One reason for sending Humans on SS Alpha is to develop a practical biosphere for the phase two round trip to Alpha Centauri. Another reason is to test for psychological, physiological and physical effects of the relativistic distortions. Ever since the introduction of the automobile, speed in transportation has been a concern: The human factor may prove to be the real limitation [to high speeds]. The human body is ill-adapted to the physical and psychological effects of supersonic flight. That, from a 1957 encyclopedia (Collier’s). But the overarching reason is to properly prepare for the phase-two experiment. Recent trends in thinking view the distortions of the special theory of relativity as only appearances, unable to affect Human physiology or the intrinsic dimensions of objects. Indeed, it appears that Einstein himself finally came to that view in 1921. While particles in a particle accelerator really are limited to the speed of light, it is easy to show that is because the motor - comprised of the accelerating coils and electrodes is fixed to the laboratory. The same is true for proposed ships propelled by light pressure from the sun. The sun is the ship’s motor and its speed reference. But what about Einstein’s sweeping generalization: “From this...we conclude that...[c] can neither be reached nor exceeded”? In the case of a rocket or jet where the motor travels with the ship, how and why such vessels should be limited to light-speed relative to an Earth-bound laboratory or to the sun or to anything remains a mystery. The first manned starship under phase one of the grand experiment while itself not attempting to exceed lightspeed - would help to resolve that mystery. The slowing of certain kinds of clocks under increased gravitation and acceleration fields, as predicted by the general theory of relativity, is no doubt real in the sense that the speed of light is slowed in such fields; but note that a pendulum-regulated clock would run faster under increased gravity; and the assumption that “time itself” would run slower seems to be a too-sweeping generalization. Physics books tell us that 14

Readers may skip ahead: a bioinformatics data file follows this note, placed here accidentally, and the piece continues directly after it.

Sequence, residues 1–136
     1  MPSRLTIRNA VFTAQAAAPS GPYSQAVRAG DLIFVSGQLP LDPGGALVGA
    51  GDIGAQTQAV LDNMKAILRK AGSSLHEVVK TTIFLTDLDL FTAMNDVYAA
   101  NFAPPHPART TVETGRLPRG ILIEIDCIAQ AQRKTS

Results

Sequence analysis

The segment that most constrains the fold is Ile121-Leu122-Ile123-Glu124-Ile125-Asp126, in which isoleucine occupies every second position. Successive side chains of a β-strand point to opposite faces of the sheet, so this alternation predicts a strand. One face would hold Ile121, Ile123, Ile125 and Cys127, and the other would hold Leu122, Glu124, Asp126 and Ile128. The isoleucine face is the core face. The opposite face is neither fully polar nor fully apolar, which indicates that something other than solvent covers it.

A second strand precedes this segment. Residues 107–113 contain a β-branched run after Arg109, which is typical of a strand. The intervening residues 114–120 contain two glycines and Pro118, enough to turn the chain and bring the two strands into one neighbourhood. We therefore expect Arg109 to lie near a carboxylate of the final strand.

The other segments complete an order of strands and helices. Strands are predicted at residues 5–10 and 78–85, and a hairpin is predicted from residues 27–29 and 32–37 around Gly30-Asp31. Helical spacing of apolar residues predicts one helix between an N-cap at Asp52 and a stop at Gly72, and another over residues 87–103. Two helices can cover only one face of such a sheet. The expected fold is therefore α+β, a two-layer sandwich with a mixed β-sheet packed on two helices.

time has physical meaning only in its measurement in the form of uniformly repeated or periodic motion. In any event, if a 1G acceleration is maintained throughout the trip to Alpha Centauri under phase two of the grand experiment, then under general relativity all clocks on the ship would be expected to keep pace with those on Earth; and if the twin paradox - formulated under the special theory of relativity - is only an appearance, there would be no permanent “set” in time. Just as a stick removed from water “unbends,” so too would the twin’s age differential apparently suffered under special relativity be expected to “unset itself” when ‘he returns to Earth. A Human trip to San Salvador Station under phase one of the Grand Experiment, would conclusively test those things. Newton, as popularly paraphrased: “The proof of the pudding is in the eating.” (or, as Prince Charles has said, “The proof is in the pudding.” – 60 minutes, CBS, 30 Oct. ‘05. Beyond the relativistic distortions, the inability to exceed light speed by compounding velocities is often taken as proof of an absolute barrier at the speed of light. But the resemblance of that scenario to Zeno’s puzzle “The Achilles” is inescapable; and the compounding of velocities is only one particular way that the speed of light cannot be exceeded. In Zeno’s puzzle, Achilles’ attempt to overtake the tortoise consists of an infinite series of jumps, each cutting in half the remaining distance to the tortoise, with each jump consuming the same amount of time; but that is equivalent to Achilles first running, then walking, then slowing to a crawl as he approaches the tortoise. To a disinterested onlooker it would appear as if Achilles’ goal was simply to pace the tortoise. In a similar way, the speed of light cannot be exceeded by reducing the acceleration towards zero as the goal is approached as is the case with particle accelerators. Is it mankind’s goal to simply pace photon energy? A disinterested onlooker might think so under such a circumstance. Another reason some have given to conclude that c is an absolute speed limit (...Not sure what that means anymore?) is that no energy from a light signal would be returned to us from a body receding faster than that. But in the end, it all comes down to a matter of whether or not the observed distortions reflect actual physical changes to the bodies being 15